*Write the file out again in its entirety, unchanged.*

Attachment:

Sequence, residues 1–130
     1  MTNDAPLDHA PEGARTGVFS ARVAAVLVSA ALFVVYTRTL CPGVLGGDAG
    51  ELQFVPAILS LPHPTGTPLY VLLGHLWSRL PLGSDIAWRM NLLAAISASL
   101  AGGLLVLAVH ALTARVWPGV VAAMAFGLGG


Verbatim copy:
Sequence, residues 1–130
     1  MTNDAPLDHA PEGARTGVFS ARVAAVLVSA ALFVVYTRTL CPGVLGGDAG
    51  ELQFVPAILS LPHPTGTPLY VLLGHLWSRL PLGSDIAWRM NLLAAISASL
   101  AGGLLVLAVH ALTARVWPGV VAAMAFGLGG